Life and Family

Doing Your Job


Been There. Done That.

by Duff McCutcheon

Chances are good that Buck McCallum’s been driving for longer than you. Chances are good that the Highland Transport owner-operator has been driving since before you were born, because he’s 69 and has been driving truck since age 16.

He remembers when Highway 401 was known as the Toronto Bypass, a short stretch of blacktop from Highway 27 to Kingston Road that allowed drivers to circumvent all that 1950s-era traffic along the Lakeshore. He remembers when all the truckstops were family-owned affairs that serviced both sides of the two-lane highways of the day.

And he remembers a golden age of trucking when everyone behind the wheel was proud to be a driver. “When I started driving, everyone did it because they really liked doing it,” he said recently, over a plate of steak and eggs at the Chalet Truck Stop in Milton, Ontario. “Nowadays, it’s just a job to a lot of people.”

Not so for McCallum. When he was in the second grade, growing up in what was then a suburb of Toronto – Weston, he recalls writing an essay; one of your standard ‘what do you want to do when you grow up’ variety, “and, of course, I wrote I wanted to be a trucker.” He used to hitch rides around Caledon, a few miles north of Toronto, on the sand trucks, just for the sake of riding along in a truck. When his family went up to the cottage in Collingwood on Georgian bay for the summer, Buck hung around a driver and his ’47 Studebaker, delivering freight around town instead of going swimming with his friends.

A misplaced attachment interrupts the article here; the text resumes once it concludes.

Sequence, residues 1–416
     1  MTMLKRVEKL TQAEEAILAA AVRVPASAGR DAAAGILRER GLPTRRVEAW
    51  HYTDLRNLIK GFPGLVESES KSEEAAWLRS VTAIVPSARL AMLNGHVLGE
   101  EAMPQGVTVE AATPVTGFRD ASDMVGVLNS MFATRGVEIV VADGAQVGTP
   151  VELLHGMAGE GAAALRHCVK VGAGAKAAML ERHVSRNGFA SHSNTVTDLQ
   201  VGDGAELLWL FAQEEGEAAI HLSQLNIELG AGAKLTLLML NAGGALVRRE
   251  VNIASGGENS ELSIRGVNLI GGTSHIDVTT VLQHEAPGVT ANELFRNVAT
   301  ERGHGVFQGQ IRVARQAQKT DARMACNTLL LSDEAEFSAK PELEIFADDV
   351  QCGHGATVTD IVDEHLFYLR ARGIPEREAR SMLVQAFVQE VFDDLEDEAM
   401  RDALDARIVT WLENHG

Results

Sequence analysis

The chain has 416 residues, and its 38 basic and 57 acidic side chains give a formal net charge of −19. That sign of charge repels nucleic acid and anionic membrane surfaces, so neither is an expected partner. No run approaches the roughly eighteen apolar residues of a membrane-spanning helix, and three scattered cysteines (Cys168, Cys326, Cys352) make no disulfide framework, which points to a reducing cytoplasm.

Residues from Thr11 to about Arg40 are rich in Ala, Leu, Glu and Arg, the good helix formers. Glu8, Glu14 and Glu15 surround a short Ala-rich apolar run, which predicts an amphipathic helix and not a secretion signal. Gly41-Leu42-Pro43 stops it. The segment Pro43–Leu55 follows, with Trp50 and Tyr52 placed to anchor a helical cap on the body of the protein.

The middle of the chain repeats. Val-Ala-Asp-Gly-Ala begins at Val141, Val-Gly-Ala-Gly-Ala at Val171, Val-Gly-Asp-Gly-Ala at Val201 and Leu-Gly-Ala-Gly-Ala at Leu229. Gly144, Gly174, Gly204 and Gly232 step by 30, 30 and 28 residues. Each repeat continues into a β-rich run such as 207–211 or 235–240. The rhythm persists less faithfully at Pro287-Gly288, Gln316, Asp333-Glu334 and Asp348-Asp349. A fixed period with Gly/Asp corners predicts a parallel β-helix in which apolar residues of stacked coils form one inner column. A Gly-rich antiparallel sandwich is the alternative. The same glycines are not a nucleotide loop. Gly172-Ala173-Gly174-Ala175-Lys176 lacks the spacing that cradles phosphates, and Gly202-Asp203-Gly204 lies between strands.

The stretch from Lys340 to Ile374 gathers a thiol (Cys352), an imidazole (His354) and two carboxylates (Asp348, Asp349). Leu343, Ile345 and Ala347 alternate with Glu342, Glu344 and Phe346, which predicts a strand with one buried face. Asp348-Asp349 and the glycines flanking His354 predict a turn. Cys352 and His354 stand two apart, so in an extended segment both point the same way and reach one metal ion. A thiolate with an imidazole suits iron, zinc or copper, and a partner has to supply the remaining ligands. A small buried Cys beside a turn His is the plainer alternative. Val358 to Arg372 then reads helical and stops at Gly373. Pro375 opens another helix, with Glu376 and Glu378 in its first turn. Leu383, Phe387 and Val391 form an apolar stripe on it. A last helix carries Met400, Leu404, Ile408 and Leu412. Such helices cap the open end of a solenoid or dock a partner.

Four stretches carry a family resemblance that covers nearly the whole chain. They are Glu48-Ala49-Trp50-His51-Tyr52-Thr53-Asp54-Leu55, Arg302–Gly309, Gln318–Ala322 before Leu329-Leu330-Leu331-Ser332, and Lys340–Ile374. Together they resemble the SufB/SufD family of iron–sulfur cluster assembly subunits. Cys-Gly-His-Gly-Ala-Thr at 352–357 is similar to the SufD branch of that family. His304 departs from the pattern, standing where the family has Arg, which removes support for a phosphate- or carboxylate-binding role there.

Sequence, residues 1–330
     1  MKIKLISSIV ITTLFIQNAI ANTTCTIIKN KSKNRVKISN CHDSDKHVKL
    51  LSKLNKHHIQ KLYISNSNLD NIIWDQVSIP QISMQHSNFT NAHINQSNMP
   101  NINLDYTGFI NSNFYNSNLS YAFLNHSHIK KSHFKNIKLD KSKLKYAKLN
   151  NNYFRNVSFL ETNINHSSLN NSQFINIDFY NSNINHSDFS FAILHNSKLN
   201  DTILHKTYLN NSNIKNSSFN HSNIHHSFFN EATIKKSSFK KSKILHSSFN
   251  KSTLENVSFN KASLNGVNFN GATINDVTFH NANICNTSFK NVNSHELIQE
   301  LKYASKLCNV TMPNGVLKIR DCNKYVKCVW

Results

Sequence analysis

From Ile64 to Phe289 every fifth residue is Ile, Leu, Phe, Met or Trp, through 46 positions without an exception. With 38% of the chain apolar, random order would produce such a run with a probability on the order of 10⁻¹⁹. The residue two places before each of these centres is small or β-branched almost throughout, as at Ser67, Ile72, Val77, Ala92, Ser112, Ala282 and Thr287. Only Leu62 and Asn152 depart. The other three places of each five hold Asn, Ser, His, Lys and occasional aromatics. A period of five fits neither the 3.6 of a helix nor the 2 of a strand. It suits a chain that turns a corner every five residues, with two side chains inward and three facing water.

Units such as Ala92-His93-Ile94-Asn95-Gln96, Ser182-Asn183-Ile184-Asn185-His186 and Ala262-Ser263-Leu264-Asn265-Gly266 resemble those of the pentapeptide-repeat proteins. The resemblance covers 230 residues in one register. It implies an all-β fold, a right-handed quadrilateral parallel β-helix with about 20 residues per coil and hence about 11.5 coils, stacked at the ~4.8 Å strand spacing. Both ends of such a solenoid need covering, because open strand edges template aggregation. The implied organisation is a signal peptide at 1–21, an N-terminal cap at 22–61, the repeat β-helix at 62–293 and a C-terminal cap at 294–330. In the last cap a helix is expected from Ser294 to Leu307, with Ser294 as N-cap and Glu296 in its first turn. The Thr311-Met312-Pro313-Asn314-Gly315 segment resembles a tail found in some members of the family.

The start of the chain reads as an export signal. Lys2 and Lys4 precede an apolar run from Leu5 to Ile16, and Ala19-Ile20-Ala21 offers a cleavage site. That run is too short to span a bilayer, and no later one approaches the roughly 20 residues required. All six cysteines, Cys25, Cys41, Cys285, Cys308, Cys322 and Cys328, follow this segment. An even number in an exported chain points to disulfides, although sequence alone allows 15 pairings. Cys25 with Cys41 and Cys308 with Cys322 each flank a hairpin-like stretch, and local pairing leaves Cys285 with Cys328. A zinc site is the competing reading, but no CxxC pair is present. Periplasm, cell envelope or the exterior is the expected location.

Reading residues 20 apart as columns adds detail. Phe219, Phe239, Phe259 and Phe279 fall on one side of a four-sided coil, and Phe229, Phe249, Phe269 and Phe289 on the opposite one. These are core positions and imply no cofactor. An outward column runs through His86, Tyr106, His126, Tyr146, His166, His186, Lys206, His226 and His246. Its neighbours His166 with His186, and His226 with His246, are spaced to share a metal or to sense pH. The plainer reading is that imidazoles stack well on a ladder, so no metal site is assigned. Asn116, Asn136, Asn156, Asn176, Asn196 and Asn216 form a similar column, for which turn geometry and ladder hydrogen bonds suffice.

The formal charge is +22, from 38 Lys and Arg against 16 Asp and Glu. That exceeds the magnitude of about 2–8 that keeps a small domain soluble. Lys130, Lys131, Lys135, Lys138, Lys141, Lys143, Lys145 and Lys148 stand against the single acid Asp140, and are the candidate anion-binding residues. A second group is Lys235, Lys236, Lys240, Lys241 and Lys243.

He bought himself a Model A Ford for $10 – yep, ten bucks (not exactly small change back in the 1950s) – out of his paper route money when he was in Grade 8, and within a few years had moved up to a 1946 International “with a five speed and two speed rears,” says McCallum. He was all of 16 and hitchhiking to the unemployment office when a farmer picked him up and offered him a job delivering peat moss. “Away I went,” he says.

The job lasted just long enough for McCallum to get a feel for driving a truck – he taught himself how to drive – before another farmer down the road stole him away with the offer of driving a decidedly nicer truck. Being 16, it wasn’t hard to lure him with the promise of driving a brand new Ford 800, with a tag axle. The farmer supplemented his income from the potato farm by buying up bush lots and cutting logs. It was McCallum’s job to draw them out of the bush and haul them over to Wellington Wood Products in Mount Forest where they were made into fruit baskets.

“That company’s still around today,” he says. “Not long ago dispatch asked me to run over to Mount Forest and I asked him where. When he told me the company, I said, ‘well I haven’t been there in 50 years, but I know where it is!’”